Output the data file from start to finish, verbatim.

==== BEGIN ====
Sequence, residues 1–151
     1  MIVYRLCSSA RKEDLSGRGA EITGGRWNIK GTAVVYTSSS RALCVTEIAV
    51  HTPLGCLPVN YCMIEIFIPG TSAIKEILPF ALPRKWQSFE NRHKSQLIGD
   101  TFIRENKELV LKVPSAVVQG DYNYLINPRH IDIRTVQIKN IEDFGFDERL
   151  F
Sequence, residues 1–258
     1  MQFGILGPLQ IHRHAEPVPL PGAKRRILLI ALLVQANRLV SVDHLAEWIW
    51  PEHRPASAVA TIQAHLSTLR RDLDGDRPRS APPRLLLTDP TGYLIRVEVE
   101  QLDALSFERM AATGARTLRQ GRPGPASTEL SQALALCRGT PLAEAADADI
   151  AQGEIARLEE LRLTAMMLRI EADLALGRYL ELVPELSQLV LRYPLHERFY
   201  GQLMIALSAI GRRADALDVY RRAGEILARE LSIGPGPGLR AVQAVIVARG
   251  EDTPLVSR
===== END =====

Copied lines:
Sequence, residues 1–151
     1  MIVYRLCSSA RKEDLSGRGA EITGGRWNIK GTAVVYTSSS RALCVTEIAV
    51  HTPLGCLPVN YCMIEIFIPG TSAIKEILPF ALPRKWQSFE NRHKSQLIGD
   101  TFIRENKELV LKVPSAVVQG DYNYLINPRH IDIRTVQIKN IEDFGFDERL
   151  F
Sequence, residues 1–258
     1  MQFGILGPLQ IHRHAEPVPL PGAKRRILLI ALLVQANRLV SVDHLAEWIW
    51  PEHRPASAVA TIQAHLSTLR RDLDGDRPRS APPRLLLTDP TGYLIRVEVE
   101  QLDALSFERM AATGARTLRQ GRPGPASTEL SQALALCRGT PLAEAADADI
   151  AQGEIARLEE LRLTAMMLRI EADLALGRYL ELVPELSQLV LRYPLHERFY
   201  GQLMIALSAI GRRADALDVY RRAGEILARE LSIGPGPGLR AVQAVIVARG
   251  EDTPLVSR